Colors of Ozu
“The unexpected humanity of the Ozu film is made possible by the rigor of its construction. In an Ozu film…one sees all the supports, and all of them are equally essential”
- Donald Richie, Ozu: His Life and Films (1974, University of California Press)
“No longer should we be bound to cinema as truth that exists only in a fleeting 24 frames-per-second. We instead should make as many frames as we like, and hold them in our hands for as long as we want”
- Kevin L. Ferguson, Volumetric Cinema (2015)
Begun as a research project in March of 2020 during the COVID-19 pandemic, Colors of Ozu is an on-going film analysis project that leverages digital tools and technologies to novelly and creatively examine the final six films of Japanese filmmaker Yasujirō Ozu (1903-1963). These works—which include Equinox Flower (1958), Good Morning (1959), Floating Weeds (1959), Late Autumn (1960), The End of Summer (1961), and An Autumn Afternoon (1962)—are also unique in their oeuvre for being the only films the prolific director and screenwriter even produced in color. While nearly all of Ozu’s films have been widely regarded and studied for their distinctive visual style, relationship to Japanese society and culture, and other aesthetic and narrative qualities, little critical attention has been given to investigating Ozu’s use of color at the end of their career. Colors of Ozu seeks a dual purpose in adding this element to the existing, broad field of criticism around Ozu’s work and applying the tools and methods of digital humanities (DH) research to strengthen the bond between DH and film/media studies.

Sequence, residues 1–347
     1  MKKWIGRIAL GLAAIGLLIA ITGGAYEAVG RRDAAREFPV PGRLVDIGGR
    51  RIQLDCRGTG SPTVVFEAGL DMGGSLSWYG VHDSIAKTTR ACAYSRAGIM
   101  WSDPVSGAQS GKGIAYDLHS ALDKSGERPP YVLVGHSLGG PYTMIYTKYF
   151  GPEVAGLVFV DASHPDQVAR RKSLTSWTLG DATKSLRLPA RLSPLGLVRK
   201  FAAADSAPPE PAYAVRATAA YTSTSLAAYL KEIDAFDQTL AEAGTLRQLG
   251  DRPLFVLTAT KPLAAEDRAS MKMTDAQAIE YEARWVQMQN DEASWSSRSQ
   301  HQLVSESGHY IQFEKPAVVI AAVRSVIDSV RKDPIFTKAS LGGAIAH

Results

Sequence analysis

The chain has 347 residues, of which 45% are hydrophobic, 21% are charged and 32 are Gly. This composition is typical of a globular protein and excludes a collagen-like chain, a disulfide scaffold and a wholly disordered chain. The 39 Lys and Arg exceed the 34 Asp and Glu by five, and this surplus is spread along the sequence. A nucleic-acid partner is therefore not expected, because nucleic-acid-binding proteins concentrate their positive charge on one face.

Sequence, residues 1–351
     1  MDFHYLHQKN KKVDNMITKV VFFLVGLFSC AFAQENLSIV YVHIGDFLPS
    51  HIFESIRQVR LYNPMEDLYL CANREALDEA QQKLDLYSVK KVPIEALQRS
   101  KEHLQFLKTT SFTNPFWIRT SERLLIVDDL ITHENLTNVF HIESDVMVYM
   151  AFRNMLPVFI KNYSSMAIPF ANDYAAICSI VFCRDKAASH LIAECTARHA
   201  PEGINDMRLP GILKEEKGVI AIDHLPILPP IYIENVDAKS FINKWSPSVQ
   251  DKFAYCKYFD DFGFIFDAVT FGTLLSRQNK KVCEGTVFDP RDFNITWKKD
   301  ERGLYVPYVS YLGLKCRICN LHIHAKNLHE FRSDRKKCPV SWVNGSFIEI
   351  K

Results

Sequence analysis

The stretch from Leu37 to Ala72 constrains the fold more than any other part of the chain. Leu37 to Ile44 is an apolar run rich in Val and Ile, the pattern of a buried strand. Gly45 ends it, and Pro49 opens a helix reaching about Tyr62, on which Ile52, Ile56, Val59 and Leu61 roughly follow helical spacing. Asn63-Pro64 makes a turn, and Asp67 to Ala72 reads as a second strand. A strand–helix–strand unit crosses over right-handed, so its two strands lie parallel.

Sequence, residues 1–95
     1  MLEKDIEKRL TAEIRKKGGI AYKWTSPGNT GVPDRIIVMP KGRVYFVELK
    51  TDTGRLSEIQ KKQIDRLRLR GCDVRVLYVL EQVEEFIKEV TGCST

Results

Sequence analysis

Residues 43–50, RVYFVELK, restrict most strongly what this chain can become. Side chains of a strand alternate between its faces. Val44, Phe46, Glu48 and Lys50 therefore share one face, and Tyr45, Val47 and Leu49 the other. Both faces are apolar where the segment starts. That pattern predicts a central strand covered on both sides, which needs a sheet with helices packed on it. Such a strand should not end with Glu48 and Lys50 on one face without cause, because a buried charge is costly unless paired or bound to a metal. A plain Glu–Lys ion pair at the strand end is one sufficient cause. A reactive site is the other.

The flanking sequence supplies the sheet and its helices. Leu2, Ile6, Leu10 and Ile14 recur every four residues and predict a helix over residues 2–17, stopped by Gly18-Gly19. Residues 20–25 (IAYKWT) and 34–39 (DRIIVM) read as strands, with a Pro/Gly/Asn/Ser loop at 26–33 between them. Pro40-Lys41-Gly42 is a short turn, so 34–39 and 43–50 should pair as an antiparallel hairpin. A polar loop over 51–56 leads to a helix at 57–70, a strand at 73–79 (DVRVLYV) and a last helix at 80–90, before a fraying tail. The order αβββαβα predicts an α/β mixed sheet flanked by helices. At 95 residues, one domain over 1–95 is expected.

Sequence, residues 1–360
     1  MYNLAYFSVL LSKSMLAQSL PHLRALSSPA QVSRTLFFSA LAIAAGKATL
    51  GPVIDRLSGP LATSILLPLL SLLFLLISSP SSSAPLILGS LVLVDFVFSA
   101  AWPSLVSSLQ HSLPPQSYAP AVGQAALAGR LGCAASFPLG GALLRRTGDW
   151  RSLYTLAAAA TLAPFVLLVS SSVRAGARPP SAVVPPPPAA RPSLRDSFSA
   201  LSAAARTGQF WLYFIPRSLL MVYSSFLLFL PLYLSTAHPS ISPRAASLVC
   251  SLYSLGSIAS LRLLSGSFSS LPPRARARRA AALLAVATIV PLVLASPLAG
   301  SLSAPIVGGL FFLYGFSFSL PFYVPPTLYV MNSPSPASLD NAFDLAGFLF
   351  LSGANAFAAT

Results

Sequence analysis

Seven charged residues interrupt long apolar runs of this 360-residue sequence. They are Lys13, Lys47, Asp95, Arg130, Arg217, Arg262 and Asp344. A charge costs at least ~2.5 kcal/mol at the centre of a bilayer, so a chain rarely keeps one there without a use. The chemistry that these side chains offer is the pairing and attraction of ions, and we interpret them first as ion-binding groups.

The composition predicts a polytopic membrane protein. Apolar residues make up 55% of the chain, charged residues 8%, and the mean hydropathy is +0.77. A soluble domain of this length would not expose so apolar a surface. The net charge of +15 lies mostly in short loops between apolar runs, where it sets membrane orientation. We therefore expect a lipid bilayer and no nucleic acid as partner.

The hope of this project is to inspire media scholars to explore research methods beyond traditional audio-visual analysis and DH practitioners to expand their purview into new cultural heritage domains by applying digital scholarship methods to the study of filmic texts. Further, the collection and scholarship presented on this website will reflect both the outputs of the investigation into Ozu’s color films and provide guidance and instructions for those wishing to create their own digital scholarship project using the open-source tools leveraged here.
Next: Critical Contexts
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